Chain Could Face Mega Liquidity Problem

Mega’s parent company, Alon Blue Square, in talks to sell stores to U.S. private equity firm, but insurance dilemma clouds horizon

The Alon Blue Square Group may have seen its share price gain 11.6% on Monday after the story broke that it’s in talks to sell its stake in the Mega supermarket chain to U.S. private equity firm Catterton Partners, in a deal valuing the company at NIS 1 billion, but its problems are nowhere near over. Sources told TheMarker that one of Israel’s two commerce insurance companies is refusing to insure additional credit that suppliers gave Mega.

ICIC offers insurance to businesses that have extended credit to customers or have commerce abroad. Now, the company is refusing to increase its total exposure to Mega, meaning suppliers who are yet to be paid by the supermarket chain cannot take out additional insurance to protect themselves against the chance that the chain does not pay.

However, ICIC is still insuring suppliers’ credit to Israel’s other supermarket chains.

There are two main credit insurance companies in Israel – ICIC and Clal Credit Insurance, which is controlled by Clal Insurance. As far as is known, Clal has not made any strategic decisions regarding Mega. Clal’s parent company, IDB, owns a controlling share in competing supermarket chain Super-Sol.

ICIC apparently reached its decision on Mega due to the situation of Alon Blue Square.

This puts Mega’s suppliers in a difficult position. Mega - Israel’s second-largest supermarket chain - does not pay its suppliers in cash on the spot, but generally only after at least 60 days. The suppliers, in order to ensure that they get their money, take out insurance from a company like ICIC, which commits to give them 85% of the sum should Mega not pay.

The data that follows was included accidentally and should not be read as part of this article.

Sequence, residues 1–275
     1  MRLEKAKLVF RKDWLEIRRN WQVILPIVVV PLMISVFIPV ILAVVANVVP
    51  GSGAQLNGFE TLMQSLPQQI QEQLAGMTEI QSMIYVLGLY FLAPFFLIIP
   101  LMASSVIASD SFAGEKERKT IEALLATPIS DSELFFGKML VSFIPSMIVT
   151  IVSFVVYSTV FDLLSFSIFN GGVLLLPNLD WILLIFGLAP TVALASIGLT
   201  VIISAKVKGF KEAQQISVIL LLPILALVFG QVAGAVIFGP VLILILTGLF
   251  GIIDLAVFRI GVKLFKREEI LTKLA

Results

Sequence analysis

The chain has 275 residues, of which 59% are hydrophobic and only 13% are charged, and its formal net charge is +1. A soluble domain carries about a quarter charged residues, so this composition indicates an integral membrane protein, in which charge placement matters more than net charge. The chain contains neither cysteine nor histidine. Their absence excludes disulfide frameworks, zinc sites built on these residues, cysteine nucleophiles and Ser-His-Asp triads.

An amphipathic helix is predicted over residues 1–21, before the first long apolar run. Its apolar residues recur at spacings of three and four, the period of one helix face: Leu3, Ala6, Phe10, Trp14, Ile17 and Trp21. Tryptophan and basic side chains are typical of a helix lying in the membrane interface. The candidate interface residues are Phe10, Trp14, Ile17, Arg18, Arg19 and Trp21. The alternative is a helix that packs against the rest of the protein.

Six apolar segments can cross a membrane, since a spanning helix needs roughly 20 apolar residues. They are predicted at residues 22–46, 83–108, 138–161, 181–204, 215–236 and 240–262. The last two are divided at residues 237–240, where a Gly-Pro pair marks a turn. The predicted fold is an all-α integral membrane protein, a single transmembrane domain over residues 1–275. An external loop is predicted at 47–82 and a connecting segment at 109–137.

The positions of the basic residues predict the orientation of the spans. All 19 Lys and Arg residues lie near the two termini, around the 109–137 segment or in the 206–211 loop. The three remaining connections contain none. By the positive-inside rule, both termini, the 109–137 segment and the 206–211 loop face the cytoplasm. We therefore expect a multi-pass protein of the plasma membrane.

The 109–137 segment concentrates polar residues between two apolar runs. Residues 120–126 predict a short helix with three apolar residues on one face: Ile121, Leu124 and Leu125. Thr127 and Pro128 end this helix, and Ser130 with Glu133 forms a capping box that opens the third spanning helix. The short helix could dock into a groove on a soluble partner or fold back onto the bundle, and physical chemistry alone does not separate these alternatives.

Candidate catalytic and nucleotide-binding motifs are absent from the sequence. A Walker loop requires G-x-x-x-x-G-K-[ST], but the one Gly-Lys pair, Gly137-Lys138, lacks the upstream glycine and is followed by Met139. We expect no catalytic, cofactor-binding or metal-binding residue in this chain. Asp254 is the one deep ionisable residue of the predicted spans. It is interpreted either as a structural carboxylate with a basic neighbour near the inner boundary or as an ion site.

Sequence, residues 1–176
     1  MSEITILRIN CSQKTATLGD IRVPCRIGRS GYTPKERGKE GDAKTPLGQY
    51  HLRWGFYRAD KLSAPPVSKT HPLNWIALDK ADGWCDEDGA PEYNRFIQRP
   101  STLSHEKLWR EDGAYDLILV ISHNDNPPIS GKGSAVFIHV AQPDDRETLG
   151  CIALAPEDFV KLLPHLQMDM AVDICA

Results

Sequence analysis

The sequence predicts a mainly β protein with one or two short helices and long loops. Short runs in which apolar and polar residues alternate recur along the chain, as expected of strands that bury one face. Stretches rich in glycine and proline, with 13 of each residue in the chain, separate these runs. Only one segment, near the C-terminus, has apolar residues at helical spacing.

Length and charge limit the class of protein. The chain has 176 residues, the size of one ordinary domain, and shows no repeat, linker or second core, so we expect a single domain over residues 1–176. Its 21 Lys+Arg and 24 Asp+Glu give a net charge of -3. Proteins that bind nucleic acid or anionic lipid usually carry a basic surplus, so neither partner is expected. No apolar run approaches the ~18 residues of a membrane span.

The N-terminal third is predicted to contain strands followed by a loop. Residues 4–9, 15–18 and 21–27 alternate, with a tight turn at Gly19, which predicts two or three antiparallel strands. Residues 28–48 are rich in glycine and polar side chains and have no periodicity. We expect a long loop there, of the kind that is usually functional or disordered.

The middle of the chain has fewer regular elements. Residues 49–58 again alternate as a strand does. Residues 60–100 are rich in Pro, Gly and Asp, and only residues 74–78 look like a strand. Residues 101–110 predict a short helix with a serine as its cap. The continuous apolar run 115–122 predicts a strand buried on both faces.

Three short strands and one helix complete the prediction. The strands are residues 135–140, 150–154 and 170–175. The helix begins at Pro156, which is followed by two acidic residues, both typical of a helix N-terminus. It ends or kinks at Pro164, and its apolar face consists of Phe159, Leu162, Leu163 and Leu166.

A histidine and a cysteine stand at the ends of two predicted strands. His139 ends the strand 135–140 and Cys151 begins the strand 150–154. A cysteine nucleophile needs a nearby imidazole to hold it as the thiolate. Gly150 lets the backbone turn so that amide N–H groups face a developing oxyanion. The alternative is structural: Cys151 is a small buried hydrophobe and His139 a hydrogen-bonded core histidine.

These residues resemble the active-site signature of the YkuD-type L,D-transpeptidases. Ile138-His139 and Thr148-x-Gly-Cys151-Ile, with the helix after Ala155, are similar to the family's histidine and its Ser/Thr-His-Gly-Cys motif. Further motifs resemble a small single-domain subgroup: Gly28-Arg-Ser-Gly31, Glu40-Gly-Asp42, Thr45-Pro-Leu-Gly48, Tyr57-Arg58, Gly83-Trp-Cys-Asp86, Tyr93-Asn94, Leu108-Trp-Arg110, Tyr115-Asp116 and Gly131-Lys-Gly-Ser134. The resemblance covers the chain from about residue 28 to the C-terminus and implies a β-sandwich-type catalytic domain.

Not all suppliers take out credit insurance; it is bought mostly by big suppliers such as Osem, Tnuva and Unilever. Most smaller suppliers cannot afford it.

A senior player in the food sector noted that ICIC’s decision was a sign that the insurance companies believe Mega’s state is worsening, and that they lack faith in the company. “Suppliers tied to multinational corporations need trade insurance as a matter of policy, and if they can’t get it, then Mega will have a problem,” the source said. This will become an issue if Clal stops offering insurance to Mega suppliers as well, he said.

“At the moment, the suppliers are still feeling their way and not doing anything, but things could worsen and they could stop supplying Mega, supply it with less or demand payment in cash, and then Mega will face liquidity problems,” said the source.

Mega stated: “Mega’s payment ethic vis-à-vis its suppliers is among the highest in the sector,” adding that it did not believe that suppliers who wished to take out credit insurance had a problem.

Meanwhile, it emerged that talks are underway between Mega’s parent company, Alon Blue Square, and Marc-David Bismuth, a Catterton partner and former senior executive at French hypermarket chain Carrefour, for control of the supermarket company. A Carrefour rival in France, Auchan, is likely to join the deal after its executives visited Mega in recent days.

Mega operates 213 branches across the country. Mega also holds a 51% stake in Eden Teva Market, which operates 21 organic food stores, including nine at Mega supermarkets.

Auchan operates 1,495 hypermarket stores and had 23 billion euros in sales in the first half of this year, 3.4% above the same period last year.

Mega is implementing a strategic plan to launch discount stores in city centers across Israel. In the first half of the year, Mega made an operating profit of NIS 8 million on sales of NIS 3.2 billion, compared with NIS 48 million on NIS 3.3 billion a year earlier.

Today it will launch its first You brand store to replace the Mega Bool chain, which started business in December 2008 but failed to take off. Also, the Mega Ba’ir chain recently announced that it will lower prices, with the chain considering other steps to boost market share.

Mega’s market share has fallen in recent years, mainly because it has responded much more slowly to market changes than a major competitor, Super-Sol. According to consulting company Czamanski Ben Shahar, Mega’s market share dropped to 11% in 2013 from 16% in 2008.

David Bachar